Looking for an easy Christmas project that also promotes a peaceful community? Try Christmas Compliments!
Objective: The learner will practice sentence writing by creating a paper stocking and writing compliments about four other students.
Materials: Class set of Stocking reproducible, markers, crayons, pencils, lined paper, scissors, board, chart paper or electronic whiteboard
- Explain to students that they will be decorating a paper stocking. Hold up and show blank stocking to students. Ask for suggestions of colors, ways to decorate etc.
- Allow students time to decorate and cut out their stockings.
- When complete, tell the students that one of the best gifts they can give to another is the gift of being a friend. Ask them what friends do. Write responses on board.
- Once there has been a response like, “a friend says nice things,” tell them that they are going to do just that. They are going to think of nice things to say, then write about each other.
- Assemble the students into groups of four or five. Instruct them to think of nice things about the people in their group.
- Review what a sentence is, that it must have a subject and a predicate or who and what they do. Also remind them about capitals and periods. If cursive is an area of focus review correct formation of some troublesome letters.
- Instruct students to first give oral compliments to the members of their group before writing them down. Invite them to be creative and focus on the uniqueness of each person.
- Allow time for students to write sentences.
- Once sentences are complete the students cut them out in strips and paste them onto each other’s stocking as if a gift were spilling out.
Evaluation: Were students able to come up with compliments for each other? Were they able to write in complete sentences?
Follow up: Stockings could be displayed on wall and different compliments read by teacher or students.
Are you an introverted author like me? Would you rather roll over hot
My new novel
coals naked than do public speaking? Do you break into a cold sweat just imagining being the center of attention? We writers are a mixed bunch, but as observers, many of us shy away from taking center stage. Well, if you’re launching a new book, waiting in the wings will not sell copies. I know, I had a field of dreams attitude when I published Artania: The Pharaohs’ Cry. Write it and they will come. Well, they didn’t. Oh, I’ve steadily sold a few books, sure. But nothing like I’d imagined.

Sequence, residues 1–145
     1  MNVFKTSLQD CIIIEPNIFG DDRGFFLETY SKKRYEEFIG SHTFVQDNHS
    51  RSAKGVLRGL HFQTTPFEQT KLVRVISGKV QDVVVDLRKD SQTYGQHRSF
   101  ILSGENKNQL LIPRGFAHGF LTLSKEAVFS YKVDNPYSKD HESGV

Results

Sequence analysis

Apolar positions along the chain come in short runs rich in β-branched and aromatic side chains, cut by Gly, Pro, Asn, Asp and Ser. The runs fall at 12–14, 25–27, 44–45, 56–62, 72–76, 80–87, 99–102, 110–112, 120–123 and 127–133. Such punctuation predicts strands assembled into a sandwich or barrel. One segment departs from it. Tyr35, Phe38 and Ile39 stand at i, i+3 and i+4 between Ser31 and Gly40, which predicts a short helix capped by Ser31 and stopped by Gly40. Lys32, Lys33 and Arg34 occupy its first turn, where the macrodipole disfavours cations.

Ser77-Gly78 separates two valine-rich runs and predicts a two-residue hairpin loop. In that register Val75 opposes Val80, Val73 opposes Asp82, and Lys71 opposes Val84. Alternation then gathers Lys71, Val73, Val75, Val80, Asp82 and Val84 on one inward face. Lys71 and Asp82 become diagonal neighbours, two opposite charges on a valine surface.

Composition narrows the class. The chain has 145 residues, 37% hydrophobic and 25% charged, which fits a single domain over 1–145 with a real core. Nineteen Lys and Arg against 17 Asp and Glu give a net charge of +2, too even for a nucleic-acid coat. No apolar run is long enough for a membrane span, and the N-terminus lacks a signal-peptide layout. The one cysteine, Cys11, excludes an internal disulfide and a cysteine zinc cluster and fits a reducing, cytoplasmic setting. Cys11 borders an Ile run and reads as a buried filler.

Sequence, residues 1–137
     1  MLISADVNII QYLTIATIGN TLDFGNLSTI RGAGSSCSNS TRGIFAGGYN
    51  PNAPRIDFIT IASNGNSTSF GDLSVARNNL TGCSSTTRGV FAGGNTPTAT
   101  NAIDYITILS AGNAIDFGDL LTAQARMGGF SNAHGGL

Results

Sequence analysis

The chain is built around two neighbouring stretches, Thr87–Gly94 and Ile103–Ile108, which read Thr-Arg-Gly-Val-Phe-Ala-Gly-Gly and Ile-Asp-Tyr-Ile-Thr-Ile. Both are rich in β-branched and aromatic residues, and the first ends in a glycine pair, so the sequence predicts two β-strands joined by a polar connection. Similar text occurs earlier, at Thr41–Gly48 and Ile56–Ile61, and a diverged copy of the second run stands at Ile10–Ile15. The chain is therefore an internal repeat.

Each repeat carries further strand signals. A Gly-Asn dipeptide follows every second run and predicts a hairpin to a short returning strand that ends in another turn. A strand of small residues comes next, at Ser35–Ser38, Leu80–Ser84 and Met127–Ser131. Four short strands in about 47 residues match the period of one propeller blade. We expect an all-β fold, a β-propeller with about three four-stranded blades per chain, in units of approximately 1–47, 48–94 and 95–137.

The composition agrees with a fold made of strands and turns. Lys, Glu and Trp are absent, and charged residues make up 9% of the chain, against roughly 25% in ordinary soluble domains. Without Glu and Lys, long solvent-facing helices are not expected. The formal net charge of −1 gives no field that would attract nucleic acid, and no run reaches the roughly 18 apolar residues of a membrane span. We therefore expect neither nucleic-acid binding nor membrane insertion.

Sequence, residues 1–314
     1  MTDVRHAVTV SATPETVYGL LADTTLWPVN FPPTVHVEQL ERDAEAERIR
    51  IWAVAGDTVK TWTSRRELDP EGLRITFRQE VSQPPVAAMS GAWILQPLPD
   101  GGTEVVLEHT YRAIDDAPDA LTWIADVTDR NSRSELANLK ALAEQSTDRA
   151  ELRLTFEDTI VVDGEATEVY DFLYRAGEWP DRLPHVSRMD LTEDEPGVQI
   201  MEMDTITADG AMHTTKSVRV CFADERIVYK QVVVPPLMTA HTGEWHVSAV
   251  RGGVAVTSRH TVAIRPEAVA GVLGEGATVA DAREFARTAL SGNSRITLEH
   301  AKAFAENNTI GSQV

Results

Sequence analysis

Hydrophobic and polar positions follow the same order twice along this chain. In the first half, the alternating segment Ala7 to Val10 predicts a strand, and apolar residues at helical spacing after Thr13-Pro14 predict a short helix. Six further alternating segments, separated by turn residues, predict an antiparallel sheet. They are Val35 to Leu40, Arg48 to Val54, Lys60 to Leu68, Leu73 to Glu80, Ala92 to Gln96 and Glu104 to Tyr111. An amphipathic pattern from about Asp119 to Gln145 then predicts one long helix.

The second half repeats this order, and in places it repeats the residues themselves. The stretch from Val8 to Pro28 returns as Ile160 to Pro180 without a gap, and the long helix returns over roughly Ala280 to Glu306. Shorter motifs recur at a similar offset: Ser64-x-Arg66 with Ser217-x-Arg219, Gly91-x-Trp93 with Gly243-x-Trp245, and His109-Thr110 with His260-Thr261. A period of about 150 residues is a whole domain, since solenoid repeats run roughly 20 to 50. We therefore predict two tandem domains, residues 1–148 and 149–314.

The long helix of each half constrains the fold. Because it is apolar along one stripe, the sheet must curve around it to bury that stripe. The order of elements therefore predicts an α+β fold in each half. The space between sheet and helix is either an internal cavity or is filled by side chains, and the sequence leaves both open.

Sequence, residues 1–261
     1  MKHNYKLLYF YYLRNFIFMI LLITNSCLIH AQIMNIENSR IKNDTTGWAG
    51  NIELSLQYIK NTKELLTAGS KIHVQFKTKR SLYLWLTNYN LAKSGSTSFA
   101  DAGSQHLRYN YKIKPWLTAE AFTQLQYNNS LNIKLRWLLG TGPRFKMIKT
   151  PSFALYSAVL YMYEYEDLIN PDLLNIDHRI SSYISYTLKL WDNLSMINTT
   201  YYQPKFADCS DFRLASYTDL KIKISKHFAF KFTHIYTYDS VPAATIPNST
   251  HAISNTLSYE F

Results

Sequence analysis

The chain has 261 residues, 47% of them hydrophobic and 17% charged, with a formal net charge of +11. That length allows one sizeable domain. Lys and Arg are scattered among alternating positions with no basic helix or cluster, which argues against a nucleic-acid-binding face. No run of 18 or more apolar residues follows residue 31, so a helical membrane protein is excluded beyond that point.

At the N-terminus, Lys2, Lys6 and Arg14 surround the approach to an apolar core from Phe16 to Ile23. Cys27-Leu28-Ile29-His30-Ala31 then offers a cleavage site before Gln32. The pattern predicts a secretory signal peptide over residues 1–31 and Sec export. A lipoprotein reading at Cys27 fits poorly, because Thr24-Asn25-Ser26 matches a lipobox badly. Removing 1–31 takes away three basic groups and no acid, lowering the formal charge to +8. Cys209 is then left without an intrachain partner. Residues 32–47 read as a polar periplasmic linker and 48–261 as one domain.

So when it was time to publish Forest Secrets I decided to do it right. Hot coals and cold sweats be damned. This time, I’d launch with a scream instead of whisper. We’d have a party and invite everyone, their cousin, their brother and their cousin’s cousin. But first I needed a venue.
I’d remembered that the owner of Toy Zoo: Anything Educational, Marc Canigiula, had suggested hosting an event at his bookstore when I told him I was publishing a new book. I was scared to ask but figured the worst he could say is no. So I headed over, marched inside, and with a gulp asked him if he’d like to host my book launch. My jaw dropped to the floor when he said yes. Not only that, he’d help me organize the event.
I was flabbergasted and, I’ll admit it, overwhelmed. But I scooped my jaw off the floor and got to work. And the results? A resounding success. I had 75 people attend and sold close to 50 books.
If you are planning your own book launch, here are a few tips:
- Start early. Post the upcoming publication on your social media sites. Get over your author humility and brag a little.
- Print up invitations. I use Vista Print for quality and value, but there are reasonably priced printers everywhere. Make it look as professional as you can afford, Here’s mine:
- Have a theme with activities for the attendees. Since most of Forest Secrets takes place in the woods with mystical creatures, I had leaf coloring, green tape leading kids on a scavenger hunt throughout the store, and mask making.
- Decorate your book signing table according to your theme. Here’s how I did mine.
- Send out notices to local publications. Don’t just focus on newspapers. Be creative. Our school district newsletter did a write up that went out to thousands of employees.
- But most of all, have fun! It’s your moment. Enjoy it.